adjoining to the town," where the Duke of Somerset " pitched his field, against the
will and consent of many other captains which would that he should have drawn
aside ; " and that he had also thought of the unhappy end of the gallant Prince
Edward, as he stood in "the church of the Monastery of Black Monks in Tewksbury,"
where " his body was homely interred with the other simple corses." $
There were twelve years of peace between the Battle of Tewksbury and the death
of Edward IV. Then came the history which Hall entitles^ " The Pitiful Life of
King Edward the Fifth," and " The Tragical Doings of King Eichard the Third."
The last play of the series which belongs to the wars of the Roses is unquestionably
written altogether with a more matured power than those which preceded it ; yet
the links which connect it with the other three plays of the series are so unbroken,
the treatment of character is so consistent, and the poetical conception of the whole
so uniform, that we speak of them all as the plays of Shakspere, and of Shakspere
alone. Matured, especially in its wonderful exhibition of character, as the Richard
III. is, we cannot doubt that the subject was very early familiar to the young poet's
mind. The Battle of Bosworth Field was the great event of his own locality, which
for a century had fixed the government of England. The course of the Reformation,
and especially the dissolution of the Monasteries, had produced great social changes,
which were in operation at the time hi which Shakspere was born ; whose effects,
for good and for evil, he must have seen working around him, as he grew from year
to year in knowledge and experience. But those events were too recent, and indeed
of too delicate a nature, to assume the poetical aspect in his mind. They abided
still in the region of prejudice and controversy. It was dangerous to speak of the
great religious divisions of the kingdom with a tolerant impartiality. History could
scarcely deal with these opinions in a spirit of justice. Poetry, thus, which has
regard to what is permanent and universal, has passed by these matters, important
as they are. But the great event which placed the Tudor family on the throne, and
gave England a stable government, however occasionally distracted by civil and reli-
gious division, was an event which would seize fast upon such a mind as that of
Shakspere. His ancestor, there can be little doubt, had been an adherent of the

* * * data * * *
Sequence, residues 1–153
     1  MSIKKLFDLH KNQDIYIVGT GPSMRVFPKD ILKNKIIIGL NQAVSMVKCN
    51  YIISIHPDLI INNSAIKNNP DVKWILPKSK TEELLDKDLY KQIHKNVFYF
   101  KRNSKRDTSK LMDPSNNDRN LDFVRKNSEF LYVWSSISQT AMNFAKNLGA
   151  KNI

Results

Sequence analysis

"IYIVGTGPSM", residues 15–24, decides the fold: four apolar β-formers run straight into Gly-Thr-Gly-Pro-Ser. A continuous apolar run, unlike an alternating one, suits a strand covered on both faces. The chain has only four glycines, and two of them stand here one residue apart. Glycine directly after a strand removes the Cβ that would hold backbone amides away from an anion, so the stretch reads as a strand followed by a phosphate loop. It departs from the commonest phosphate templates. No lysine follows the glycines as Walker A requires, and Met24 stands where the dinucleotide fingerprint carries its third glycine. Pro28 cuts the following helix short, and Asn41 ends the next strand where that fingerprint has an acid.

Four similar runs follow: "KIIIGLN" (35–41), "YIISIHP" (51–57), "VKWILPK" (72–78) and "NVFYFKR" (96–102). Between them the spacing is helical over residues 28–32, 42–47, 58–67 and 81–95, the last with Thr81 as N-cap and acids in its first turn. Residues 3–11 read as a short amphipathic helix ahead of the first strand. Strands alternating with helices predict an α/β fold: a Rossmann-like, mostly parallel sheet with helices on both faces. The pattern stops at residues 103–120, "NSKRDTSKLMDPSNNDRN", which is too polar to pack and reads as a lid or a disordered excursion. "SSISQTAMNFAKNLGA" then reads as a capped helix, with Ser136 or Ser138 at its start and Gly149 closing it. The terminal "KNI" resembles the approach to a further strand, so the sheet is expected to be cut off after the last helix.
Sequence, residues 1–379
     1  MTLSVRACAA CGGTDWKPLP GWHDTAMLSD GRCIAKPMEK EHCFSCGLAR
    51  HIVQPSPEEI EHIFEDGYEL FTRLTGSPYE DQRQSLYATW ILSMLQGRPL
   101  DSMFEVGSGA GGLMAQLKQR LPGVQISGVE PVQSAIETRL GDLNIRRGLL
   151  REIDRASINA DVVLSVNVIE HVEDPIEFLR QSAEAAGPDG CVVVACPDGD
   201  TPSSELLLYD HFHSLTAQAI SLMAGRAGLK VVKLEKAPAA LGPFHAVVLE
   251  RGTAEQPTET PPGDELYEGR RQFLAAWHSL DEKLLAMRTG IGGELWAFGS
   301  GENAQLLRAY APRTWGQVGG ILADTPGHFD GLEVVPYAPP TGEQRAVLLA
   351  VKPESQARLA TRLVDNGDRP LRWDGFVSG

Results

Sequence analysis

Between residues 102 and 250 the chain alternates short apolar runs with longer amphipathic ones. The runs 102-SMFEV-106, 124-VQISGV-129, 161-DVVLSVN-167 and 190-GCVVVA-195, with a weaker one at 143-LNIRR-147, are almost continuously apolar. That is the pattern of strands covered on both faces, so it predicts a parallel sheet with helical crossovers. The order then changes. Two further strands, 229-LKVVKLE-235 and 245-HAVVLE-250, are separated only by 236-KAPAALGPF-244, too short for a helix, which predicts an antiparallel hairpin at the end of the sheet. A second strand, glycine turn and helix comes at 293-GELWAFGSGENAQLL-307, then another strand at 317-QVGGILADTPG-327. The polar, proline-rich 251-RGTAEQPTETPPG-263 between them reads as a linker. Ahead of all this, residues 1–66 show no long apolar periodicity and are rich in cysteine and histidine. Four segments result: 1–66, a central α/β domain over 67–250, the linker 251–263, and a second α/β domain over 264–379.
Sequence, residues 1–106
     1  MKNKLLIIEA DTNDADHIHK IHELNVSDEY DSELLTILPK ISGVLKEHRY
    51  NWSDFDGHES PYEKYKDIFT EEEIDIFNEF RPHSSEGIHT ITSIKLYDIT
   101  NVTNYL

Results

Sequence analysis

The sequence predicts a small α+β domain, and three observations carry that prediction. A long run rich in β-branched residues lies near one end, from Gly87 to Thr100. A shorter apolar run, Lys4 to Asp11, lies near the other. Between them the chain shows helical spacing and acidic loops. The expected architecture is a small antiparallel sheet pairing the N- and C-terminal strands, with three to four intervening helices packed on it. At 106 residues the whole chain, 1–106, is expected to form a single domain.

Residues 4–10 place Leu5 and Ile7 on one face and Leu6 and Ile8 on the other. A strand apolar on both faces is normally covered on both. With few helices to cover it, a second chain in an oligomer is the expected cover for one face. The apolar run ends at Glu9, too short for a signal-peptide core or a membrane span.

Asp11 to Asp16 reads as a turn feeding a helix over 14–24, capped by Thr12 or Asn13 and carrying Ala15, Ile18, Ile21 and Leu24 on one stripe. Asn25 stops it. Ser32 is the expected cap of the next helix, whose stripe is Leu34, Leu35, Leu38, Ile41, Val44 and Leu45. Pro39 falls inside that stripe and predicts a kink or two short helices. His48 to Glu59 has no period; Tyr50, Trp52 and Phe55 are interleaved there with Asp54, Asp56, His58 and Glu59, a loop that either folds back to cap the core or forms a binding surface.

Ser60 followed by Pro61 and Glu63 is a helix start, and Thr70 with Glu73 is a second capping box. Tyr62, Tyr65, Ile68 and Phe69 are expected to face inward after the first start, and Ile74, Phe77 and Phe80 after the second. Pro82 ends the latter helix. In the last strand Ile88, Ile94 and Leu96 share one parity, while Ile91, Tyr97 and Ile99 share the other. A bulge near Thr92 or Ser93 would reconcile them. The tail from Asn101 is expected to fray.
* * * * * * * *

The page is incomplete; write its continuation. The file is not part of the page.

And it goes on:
Earl of Richmond. For his faithful services to the conqueror at Bosworth he was
rewarded, as we are assured, by lands in Warwickshire. That field of Bosworth
* Henry VI.," Part III., Act v., Scene n.
t " Paston Letters," edited by A. Ramsay, vol. ii., p. 60.
102 WILLIAM SHAKSPERE : A BIOGRAPHY. [BOOK II.
would therefore have to him a family as well as a local interest. Burton, the
historian of Leicestershire, who was born about ten years after William Shakspere,
tells us " that his great-great-grandfather, John Hardwick, of Lindley, near Bosworth,
a man of very short stature, but active and courageous, tendered his service to
Henry, with some troops of horse, the night he lay at Atherston, became his guide
to the field, advised him in the attack, and how to profit by the sun and by the
wind."* Burton further says, writing in 1622, that the inhabitants living around
the plain called Bosworth Field, more properly the plain of Sutton, "have many
occurrences and passages yet fresh in memory, by reason that some persons there-
about, which saw the battle fought, were living within less than forty years, of which
persons myself have seen some, and have heard of their disclosures, though related
by the second hand." This " living within less than forty years " would take us
back to about the period which we are now viewing in relation to the life of Shak-
spere. But certainly there is something over-marvellous in Burton's story to enable
us to think that William Shakspere, even as a very young boy, could have conversed
with "some persons thereabout" who had seen a battle fought in 1485. That, as
Burton more reasonably of himself says, he might have " heard their discourses at
second-hand " is probable enough. Bosworth Field is about thirty miles from
Stratford. Burton says that the plain derives its name from Bosworth, " not that
this battle was fought at this place (it being fought in a large flat plain, and spacious
ground, three miles distant from this town, between the towns of Shenton, Sutton,
Dadlington, and Stoke) ; but for that this town was the most worthy town of note
near adjacent, and was therefore called Bosworth Field. That this battle was fought
in this plain appeareth by many remarkable places : By a little mount cast up, where
the common report is, that at the first beginning of the battle Henry Earl of Rich-
mond made his parsenetical oration to his army ; by divers pieces of armour, weapons,